Sapper Leaders Course Training Plan
• 8 Week, 6 day/week Training Plan, with multiple 2-a-days
• Ruck and Run Intensive
• Includes focused SPFT work, 12-mile Ruck Work, distance running and long Saturday “mini events”
• Short (10-20 minute) mulit-modal work capacity events
• Intense core, mobility, and stabilzer strength training for durability
• This training plan is one of the 200+ Plans included with an Athlete’s Subscription.
- Required Equipment
- Sample Training
- Why MTI?
- Our Stuff Works. Guaranteed.
- Common Questions
The following is a sport-specific 8-week program is specifically designed to prepare athletes for the Sapper Leader Course. The plan includes a 1-week taper, and is designed to be completed the 8 weeks directly prior to your course start week.
This program gets progressively harder each week, until week 8, when the training tapers down into the start of selection. Don’t skip ahead!! The plan is designed to build upon itself. If you have to miss a training day, start up back where you left off.
This is a 6 day/week training program with many 2-a-Day training sessions.
To successfully complete this program you’ll need to make training for selection a priority during your work day.
This is Version 2 of the plan, updated January 2020.
Ruck & Run Intensive
This plan is “sport specific” to the specific fitness demands you’ll face the Sapper Leader Course – specifically rucking, running, calesthenic-based “smokers,” upper body strength endurance, etc. The plan includes:
- Extensive rucking and running
- Testing and progressive training for the SPFT (Sapper Physical Fitness Test)
- Testing and progressive training for the 12 mile Ruck, and a 6 mile run
- Short (10-20 minute) mulit-modal work capacity events
- Intense core, mobility, and stabilzer strength training for durability
- Long, intense, Saturday “mini events” lasting from 2 to 4.5 hours designed to prepare you physically and mentally for the long days you’ll face during the Sapper Leader Course
The plan includes 48 Total Training Sessions. It is intended that you’ll train Monday – Saturday, and take Sunday’s off. Sessions 1, 7, 13, 19, 25, 31, 37, and 43, are Mondays and the beginning of each training week.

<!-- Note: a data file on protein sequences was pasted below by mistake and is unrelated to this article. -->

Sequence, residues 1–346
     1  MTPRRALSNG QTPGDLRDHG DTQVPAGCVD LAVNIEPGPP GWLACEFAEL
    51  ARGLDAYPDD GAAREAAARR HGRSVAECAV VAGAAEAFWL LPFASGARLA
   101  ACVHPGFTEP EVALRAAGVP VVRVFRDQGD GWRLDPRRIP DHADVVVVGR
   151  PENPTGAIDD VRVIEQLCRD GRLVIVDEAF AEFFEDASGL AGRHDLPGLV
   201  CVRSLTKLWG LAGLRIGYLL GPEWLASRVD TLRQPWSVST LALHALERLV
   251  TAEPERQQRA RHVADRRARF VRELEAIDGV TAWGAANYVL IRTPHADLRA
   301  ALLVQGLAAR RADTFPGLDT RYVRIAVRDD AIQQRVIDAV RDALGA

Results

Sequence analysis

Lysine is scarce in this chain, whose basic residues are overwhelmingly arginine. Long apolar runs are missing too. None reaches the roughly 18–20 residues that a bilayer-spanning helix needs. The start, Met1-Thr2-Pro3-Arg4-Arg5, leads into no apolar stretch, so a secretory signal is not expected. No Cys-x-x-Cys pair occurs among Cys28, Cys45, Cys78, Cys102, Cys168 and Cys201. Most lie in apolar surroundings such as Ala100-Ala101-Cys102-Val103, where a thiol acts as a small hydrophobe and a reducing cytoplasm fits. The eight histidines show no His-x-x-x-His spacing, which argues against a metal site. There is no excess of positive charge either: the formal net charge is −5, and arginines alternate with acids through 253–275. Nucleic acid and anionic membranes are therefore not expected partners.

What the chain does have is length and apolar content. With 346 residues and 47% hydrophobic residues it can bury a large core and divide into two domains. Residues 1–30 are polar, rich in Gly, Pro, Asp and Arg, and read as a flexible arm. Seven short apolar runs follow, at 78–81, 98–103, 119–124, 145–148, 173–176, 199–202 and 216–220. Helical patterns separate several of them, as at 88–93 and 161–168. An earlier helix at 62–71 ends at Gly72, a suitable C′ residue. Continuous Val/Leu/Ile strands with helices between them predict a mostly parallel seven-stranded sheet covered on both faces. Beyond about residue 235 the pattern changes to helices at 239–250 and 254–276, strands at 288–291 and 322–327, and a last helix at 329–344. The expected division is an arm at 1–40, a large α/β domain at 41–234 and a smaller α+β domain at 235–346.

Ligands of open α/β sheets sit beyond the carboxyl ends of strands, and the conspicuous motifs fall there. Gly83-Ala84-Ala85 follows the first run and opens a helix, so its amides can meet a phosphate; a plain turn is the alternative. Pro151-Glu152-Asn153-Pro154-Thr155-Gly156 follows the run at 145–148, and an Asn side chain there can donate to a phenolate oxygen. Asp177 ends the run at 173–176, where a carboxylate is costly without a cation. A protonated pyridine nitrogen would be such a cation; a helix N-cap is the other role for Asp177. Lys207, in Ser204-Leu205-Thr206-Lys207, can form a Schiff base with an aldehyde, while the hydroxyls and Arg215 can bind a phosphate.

Here is the general training Schedule:
- Monday: AM – SPFT Work & PM – Ruck intervals (2-a-day)
- Tuesday: Short Work Capacity, Core Strength, Durability
- Wednesday: AM – Sandbag Get up Intervals & PM – Running Intervals
- Thursday: AM – SPFT Work & PM – Ruck intervals (2-a-day)
- Friday: Work Capacity, Low Back Fitness
- Saturday: Mini-Event
The plan deploys 4 specific assessments, and follow-on progressions based on your assessment results. This way the plan automatically “scales” to your incoming fitness level.
You’ll take these assessments 2x times over the 8 weeks – during Weeks 1 and 4:
- SPFT – Max Hand Release Push Ups (2 minutes), Max Leg Tuck (2 minutes) and 3 Mile Run
- 10 min Sandbag Getups @ 60# for reps
- 12 Mile Heavy Ruck for Time – 35# Ruck, 10lb Rubber Rifle or Sledge Hammer, or Dumbbell
- 6 Mile Run for Time
Exercise progressions for the assessments are based on your most recent assessment results for the SPFT, 10 minute Sandbag Get Ups for Reps, 6-Mile Run, and 12 Mile Ruck.
Example 1 – SPFT Hand Release Push Ups
Athlete Performs 60x Hand Release Push Ups on initial SPFT during Session 1.
Session 7 from the plan calls for:
5 Rounds, Every 90 Seconds
35% of your Max Rep Hand Release Push Ups
35% of 60x Hand Release Push Ups is 21(.35 x 60 = 21). Set a repeating timer for 90 seconds. On Round one, do 21x Hand Release Push Ups as fast as possible, then rest for the remaining time left in the interval. When the Round 1‘s 90 seconds is up, sprint through 21x Hand Release Push Ups again for Round 2, rest the remainder of the interval, etc. through 5 Rounds.
Note – the push up progressions are tough. You can break sets as needed to get in your reps during the 60 second interval. You may need to go to your knees to complete the reps.
Example 2 – SPFT 3-Mile Run:
Athlete completes the Session 1 SPFT 3-Mile run in 24:00
Session 4 from the plan calls for:
Run 1-Mile at Interval Pace based on 3-Mile Run time
Rest 8 Minutes between runs
Go to the “Exercises” tab on the website and click “Running Calculator.” Chose the 3-Mile assessment distance and input the finish time of 24:00